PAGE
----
On September 11, 1906,
Mahatma Gandhi launched the first mass campaign of nonviolent
struggle the world had seen, in Johannesburg, South Africa.
I am writing this exactly ninety-five years after Gandhi's actions,
the day of the terrorist attacks. I feel sad, shocked and tremendously
shaken up by this. At times I also feel quite calm, as if I was the
center of a hurricane, an Eye of peace in the tumultuous storms around
me. My focus has been to breathe in the suffering of those in pain
and breathe out my love and blessings to them. A Course In Miracles
teaches us over and over that all perceived attacks are a call for
love in disguise, and that miracles happen when that love is given.
Today I am sending love. Today I am asking the question of God: How
can I relate to this event in a way that brings healing to the world?
And the answer comes in a gentle, powerful and earth-shaking whisper:
Extend compassion and empathy to everyone involved. And everyone is
involved. Nobody on earth can pretend they are separate from this
event. It is that big. What potential for joining and healing, movement
and evolution! Rather than just labeling the terrorists as evil, can
you imagine the consciousness of those who would give rise to such
behavior? Can you begin to empathize with the pain that would inspire
people to hate that way? I can. And I believe we must, if healing
is to come to our world. It is said that if we could read the secret
history of our enemies, we would find sorrow and suffering enough
to disarm all our hostility. I am not saying we should accept violence
because these people have suffered so deeply. Empathy is not an excuse
to condone terrorism. It is a way to create the climate for healing
so it is not repeated. Those who have experienced horror after horror
and know not how to grieve, to process the layers of their pain, find
their un-cried tears hardening into bullets and warfare. All energy
moves to expression. If at all possible, I believe these people must
be caught and prevented from taking further actions of terrorism.
And if force is needed to undertake such prevention, so be it. But
force as a means to punish or to regain power only continues to feed
the problem. In Gandhi's words: "An eye for an eye makes the whole
world blind." My hope is that we all allow ourselves to be shaken
up by this, shaken out of our comfort zones that tower us Americans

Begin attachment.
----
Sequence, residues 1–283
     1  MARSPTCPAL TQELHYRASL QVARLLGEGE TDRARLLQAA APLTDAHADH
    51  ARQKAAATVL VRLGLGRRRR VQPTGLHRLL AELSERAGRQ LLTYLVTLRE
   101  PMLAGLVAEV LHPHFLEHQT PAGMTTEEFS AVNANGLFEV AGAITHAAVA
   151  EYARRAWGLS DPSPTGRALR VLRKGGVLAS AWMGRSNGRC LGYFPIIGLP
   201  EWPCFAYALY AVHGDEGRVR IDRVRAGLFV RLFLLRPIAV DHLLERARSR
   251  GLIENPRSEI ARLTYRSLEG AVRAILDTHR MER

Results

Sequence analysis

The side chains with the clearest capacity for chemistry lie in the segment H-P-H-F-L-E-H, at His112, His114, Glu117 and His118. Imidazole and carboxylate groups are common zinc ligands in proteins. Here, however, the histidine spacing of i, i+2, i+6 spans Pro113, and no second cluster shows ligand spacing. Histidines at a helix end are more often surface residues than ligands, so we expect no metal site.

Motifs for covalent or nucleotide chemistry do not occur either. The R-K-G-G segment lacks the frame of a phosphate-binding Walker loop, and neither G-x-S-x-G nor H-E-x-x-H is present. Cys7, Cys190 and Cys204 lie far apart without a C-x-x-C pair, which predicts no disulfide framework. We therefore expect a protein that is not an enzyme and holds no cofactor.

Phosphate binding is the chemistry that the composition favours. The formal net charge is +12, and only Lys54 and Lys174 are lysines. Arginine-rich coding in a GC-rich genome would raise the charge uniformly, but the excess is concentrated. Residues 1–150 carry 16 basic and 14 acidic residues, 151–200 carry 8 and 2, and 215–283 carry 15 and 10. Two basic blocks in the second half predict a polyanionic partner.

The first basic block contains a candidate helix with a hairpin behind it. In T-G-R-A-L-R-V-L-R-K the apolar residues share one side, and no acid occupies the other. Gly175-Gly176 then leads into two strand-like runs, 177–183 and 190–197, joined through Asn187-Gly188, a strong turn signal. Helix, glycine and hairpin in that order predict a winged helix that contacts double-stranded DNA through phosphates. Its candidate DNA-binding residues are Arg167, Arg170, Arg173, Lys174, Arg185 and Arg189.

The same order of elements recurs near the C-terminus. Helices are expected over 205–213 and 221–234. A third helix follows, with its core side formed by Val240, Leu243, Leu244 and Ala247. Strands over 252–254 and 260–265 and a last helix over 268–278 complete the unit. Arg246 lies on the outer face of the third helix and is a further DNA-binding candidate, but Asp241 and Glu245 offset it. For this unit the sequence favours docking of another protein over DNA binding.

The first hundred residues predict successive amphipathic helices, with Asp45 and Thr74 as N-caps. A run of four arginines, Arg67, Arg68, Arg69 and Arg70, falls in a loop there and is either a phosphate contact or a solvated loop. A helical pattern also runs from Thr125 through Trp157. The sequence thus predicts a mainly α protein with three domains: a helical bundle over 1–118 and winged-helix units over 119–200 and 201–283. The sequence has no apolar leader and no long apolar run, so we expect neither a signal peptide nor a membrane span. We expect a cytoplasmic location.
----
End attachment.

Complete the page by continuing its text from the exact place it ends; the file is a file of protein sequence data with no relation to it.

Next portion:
above the suffering and poverty that most of the world experiences.
Perhaps all ivory towers of separation have to come crashing down
for the healing of separateness in our world. If healing is to come,
it will come through the consciousness of oneness. I am one with the
hearts of all the people affected by these events. I am one with the
people who lost their mates, the children whose fathers and mothers
didn't come home. And I am one with the tortured hearts of those who
took these actions. We are all in this together Here is a question
I am pondering: How do these terrorists reflect a part of my consciousness?
Is there a part of me that believes that acting out my anger is justified,
and that sometimes it is necessary to violate someone to make my point
or express my frustrations? Have I ever thought that inflicting pain
on someone would wake them up, teach them a lesson, or accomplish
something of value? Do I ever feel so hurting and helpless that the
best I can do is throw a tantrum? Of course! My actions may not ever
be as dramatic as what has been acted out on this day, but I do own
the shadow part of my consciousness that has contributed to such events.
The United States has a shadow too. We stampeded across this country
through the genocide of the Native Americans, and we have contributed
to violence all throughout the world since then. To the extent that
this shadow is disowned and denied, a large part the world feels compelled
to hate us and some even attack us. Just like an individual recovers
from an addiction, we as a nation need to hit bottom, come out of
denial, make amends for those whom we have inflicted violence upon,
and own our weaknesses as well as our strengths. My hope is that the
twin towers crumbling down can serve as our national bottom. Are the
terrorists evil and is our country an innocent victim? Are things
ever that black and white? I would like to quote the words of Michael
Moore, who made the movie Roger and Me and has been a prominent political
and social activist: "WE created the monster known as Osama bin Laden!
Where did he go to terrorist school? At the CIA! Don't take my word
for it-I saw a piece on MSNBC last year that showed that when the
Soviet Union occupied Afghanistan, the CIA trained bin Laden and his
buddies in how to commits acts of terrorism against the Soviet forces.
We abhor terrorism-unless we're the ones doing the terrorizing. We
paid and trained and armed a group of terrorists in Nicaragua in the
1980s who killed over 30,000 civilians. We have orphaned so many children,
tens of thousands around the world, with our taxpayer-funded terrorism
(in Chile, in Vietnam, in Gaza, in Salvador). Will we ever get to
the point that we realize we will be more secure when the rest of
the world isn't living in poverty so we can have nice running shoes?
Let's mourn, let's grieve, and when it's appropriate, let's examine
our contribution to the unsafe world we live in. It doesn't have to
be like this... Michael Moore.